“Parks are great places to be physically active and meet with friends and family, both of which we already know are important for our health,” he said.

Woods Bagot National Australia Bank NAB

Woods Bagot National Australia Bank NAB

“But we also theorise that green spaces help provide places where we can find relief from the noise and air pollution associated with heavy traffic in our cities, as well as locations to relax and recuperate from stressful things that occur daily in our lives.”

Dr Feng said the new project brings together many senior and junior researchers to explore several important questions for the first time in Australia.

“With prior evidence including our own suggesting that exposure to greenery helps us feel well and live longer, healthier lives, this suggests that green spaces do more than ‘pretty up’ our neighbourhoods,” she said.

“This project will address the key overarching research question now for industry and policymakers: what is the ideal amount of local green-space that helps to keep all of us healthy and out of hospital?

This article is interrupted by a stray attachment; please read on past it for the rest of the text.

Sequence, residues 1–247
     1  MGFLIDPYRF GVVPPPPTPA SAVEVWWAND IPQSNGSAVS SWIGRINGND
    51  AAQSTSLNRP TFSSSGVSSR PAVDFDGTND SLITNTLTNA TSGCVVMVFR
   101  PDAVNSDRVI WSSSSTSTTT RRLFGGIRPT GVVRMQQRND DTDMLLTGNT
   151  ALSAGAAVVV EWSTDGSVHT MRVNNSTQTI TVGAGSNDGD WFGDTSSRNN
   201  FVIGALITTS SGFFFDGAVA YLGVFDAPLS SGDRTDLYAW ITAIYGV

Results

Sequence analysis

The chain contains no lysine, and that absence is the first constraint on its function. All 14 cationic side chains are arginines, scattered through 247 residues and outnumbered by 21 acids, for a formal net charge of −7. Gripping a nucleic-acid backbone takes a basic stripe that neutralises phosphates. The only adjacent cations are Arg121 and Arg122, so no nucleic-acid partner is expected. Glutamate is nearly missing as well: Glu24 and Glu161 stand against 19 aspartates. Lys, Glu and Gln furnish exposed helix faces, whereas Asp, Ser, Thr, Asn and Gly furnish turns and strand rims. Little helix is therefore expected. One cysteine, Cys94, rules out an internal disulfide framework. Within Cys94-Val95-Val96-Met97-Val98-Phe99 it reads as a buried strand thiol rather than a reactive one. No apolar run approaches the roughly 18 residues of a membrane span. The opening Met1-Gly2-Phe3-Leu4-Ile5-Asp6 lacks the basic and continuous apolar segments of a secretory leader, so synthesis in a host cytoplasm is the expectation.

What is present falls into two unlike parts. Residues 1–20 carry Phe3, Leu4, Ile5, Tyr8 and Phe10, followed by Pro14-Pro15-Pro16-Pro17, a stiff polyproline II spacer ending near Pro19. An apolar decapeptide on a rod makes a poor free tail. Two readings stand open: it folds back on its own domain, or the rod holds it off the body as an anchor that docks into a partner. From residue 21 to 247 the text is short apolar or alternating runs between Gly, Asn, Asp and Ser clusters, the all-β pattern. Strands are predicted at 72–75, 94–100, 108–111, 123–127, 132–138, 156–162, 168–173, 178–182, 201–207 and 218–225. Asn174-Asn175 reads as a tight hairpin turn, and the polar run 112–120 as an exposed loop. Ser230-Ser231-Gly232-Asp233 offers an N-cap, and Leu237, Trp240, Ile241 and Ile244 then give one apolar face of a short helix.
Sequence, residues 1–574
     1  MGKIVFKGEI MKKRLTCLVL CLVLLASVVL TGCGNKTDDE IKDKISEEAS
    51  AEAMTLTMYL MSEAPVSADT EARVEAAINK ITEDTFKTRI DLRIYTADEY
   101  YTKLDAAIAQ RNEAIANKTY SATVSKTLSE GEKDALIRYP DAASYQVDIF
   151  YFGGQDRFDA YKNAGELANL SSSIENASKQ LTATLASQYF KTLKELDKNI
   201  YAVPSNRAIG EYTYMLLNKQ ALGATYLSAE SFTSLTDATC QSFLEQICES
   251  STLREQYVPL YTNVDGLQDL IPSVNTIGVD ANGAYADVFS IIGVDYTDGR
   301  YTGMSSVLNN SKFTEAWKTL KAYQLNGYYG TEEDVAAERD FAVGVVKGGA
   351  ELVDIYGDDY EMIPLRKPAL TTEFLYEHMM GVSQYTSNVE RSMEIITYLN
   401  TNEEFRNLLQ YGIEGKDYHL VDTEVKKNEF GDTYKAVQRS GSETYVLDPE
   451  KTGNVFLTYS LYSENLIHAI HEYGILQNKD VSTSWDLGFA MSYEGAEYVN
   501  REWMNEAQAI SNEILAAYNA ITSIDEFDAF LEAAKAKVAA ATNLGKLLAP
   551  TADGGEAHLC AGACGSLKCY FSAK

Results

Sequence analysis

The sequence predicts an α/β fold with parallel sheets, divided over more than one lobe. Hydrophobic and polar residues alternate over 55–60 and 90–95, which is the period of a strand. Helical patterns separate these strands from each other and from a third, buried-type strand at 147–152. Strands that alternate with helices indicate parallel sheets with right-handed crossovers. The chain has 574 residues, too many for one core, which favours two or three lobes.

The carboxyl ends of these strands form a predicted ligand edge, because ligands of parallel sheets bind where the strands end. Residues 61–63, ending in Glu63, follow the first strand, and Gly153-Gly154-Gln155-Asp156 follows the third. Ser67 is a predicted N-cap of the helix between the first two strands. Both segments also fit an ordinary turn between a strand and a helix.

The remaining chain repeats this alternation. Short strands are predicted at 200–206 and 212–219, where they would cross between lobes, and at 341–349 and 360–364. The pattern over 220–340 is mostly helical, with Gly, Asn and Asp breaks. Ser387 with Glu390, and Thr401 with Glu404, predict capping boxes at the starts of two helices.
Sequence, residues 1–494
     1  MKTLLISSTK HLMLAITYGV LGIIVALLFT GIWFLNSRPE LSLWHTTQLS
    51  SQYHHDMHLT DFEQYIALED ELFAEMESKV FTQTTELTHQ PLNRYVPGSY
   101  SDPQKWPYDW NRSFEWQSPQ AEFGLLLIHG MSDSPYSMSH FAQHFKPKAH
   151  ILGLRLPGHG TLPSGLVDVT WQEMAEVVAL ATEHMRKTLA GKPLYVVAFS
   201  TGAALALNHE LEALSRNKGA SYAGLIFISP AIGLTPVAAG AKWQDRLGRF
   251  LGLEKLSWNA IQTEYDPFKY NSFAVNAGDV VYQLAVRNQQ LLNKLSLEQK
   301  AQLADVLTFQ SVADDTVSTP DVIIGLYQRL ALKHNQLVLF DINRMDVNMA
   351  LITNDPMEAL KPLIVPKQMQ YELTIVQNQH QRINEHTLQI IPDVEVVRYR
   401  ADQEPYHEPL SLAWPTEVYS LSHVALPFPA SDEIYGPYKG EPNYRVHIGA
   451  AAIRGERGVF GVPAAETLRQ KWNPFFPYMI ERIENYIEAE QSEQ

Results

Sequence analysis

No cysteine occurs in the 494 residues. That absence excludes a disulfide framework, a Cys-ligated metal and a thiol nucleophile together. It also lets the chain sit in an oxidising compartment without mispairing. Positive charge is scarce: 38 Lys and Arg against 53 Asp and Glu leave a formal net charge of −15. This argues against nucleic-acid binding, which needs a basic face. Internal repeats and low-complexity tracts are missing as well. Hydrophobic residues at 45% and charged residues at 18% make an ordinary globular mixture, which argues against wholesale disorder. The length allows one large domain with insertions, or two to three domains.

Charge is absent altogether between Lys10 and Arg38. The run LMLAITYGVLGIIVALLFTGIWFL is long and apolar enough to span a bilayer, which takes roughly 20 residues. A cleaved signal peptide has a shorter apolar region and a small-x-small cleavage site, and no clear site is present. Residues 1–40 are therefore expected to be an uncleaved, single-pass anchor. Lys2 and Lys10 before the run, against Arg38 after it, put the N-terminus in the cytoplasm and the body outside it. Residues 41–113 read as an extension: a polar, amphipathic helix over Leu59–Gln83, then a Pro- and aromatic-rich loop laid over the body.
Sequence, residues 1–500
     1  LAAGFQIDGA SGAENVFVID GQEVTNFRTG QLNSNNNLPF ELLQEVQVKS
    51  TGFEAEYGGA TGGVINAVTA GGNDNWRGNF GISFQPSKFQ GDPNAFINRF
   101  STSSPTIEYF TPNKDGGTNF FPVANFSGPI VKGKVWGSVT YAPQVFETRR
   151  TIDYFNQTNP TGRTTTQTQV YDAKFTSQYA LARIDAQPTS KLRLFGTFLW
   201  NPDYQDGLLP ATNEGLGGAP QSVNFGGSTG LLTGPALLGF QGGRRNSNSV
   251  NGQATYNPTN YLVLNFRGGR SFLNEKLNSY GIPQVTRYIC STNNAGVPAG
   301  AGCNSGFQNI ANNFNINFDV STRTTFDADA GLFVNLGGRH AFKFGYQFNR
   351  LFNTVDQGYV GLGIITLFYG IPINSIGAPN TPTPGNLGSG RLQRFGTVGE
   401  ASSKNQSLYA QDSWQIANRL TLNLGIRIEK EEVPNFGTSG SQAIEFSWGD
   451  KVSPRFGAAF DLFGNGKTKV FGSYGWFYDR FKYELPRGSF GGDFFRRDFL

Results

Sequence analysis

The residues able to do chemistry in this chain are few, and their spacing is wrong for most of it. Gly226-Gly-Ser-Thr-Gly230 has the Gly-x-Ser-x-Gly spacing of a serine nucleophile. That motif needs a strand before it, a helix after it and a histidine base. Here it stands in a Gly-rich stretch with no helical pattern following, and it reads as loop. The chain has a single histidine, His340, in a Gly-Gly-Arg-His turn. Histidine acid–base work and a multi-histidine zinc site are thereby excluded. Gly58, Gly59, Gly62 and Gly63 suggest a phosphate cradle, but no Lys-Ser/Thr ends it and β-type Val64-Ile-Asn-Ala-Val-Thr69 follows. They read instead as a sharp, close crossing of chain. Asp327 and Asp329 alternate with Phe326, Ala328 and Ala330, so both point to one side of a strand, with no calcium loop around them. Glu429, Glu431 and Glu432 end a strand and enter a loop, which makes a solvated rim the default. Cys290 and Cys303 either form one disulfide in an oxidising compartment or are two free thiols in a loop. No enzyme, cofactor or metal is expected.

“We recognise that there may not be a one-size-fits-all solution and how people use green space is often dependent upon their age, which is why we will examine relevant outcomes and pathways that relate to pregnancy, childhood, adulthood and seniors.”

The research will cover five key themes: pregnancy and perinatal health; child health and educational attainment; adult mental health and chronic disease risk; health service use and healthcare costs; and green space preferences and outdoor recreation among seniors.